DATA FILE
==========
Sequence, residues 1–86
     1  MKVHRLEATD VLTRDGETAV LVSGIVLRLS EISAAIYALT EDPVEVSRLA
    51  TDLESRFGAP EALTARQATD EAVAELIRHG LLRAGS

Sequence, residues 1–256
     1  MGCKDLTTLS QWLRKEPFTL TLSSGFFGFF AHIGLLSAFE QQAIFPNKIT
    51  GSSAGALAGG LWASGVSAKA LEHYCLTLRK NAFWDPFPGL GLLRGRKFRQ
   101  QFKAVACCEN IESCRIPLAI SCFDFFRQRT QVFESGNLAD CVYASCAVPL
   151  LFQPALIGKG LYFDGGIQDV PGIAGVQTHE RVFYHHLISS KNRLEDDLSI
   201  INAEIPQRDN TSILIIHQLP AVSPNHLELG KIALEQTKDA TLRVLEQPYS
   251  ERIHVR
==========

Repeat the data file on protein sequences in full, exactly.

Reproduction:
Sequence, residues 1–86
     1  MKVHRLEATD VLTRDGETAV LVSGIVLRLS EISAAIYALT EDPVEVSRLA
    51  TDLESRFGAP EALTARQATD EAVAELIRHG LLRAGS

Sequence, residues 1–256
     1  MGCKDLTTLS QWLRKEPFTL TLSSGFFGFF AHIGLLSAFE QQAIFPNKIT
    51  GSSAGALAGG LWASGVSAKA LEHYCLTLRK NAFWDPFPGL GLLRGRKFRQ
   101  QFKAVACCEN IESCRIPLAI SCFDFFRQRT QVFESGNLAD CVYASCAVPL
   151  LFQPALIGKG LYFDGGIQDV PGIAGVQTHE RVFYHHLISS KNRLEDDLSI
   201  INAEIPQRDN TSILIIHQLP AVSPNHLELG KIALEQTKDA TLRVLEQPYS
   251  ERIHVR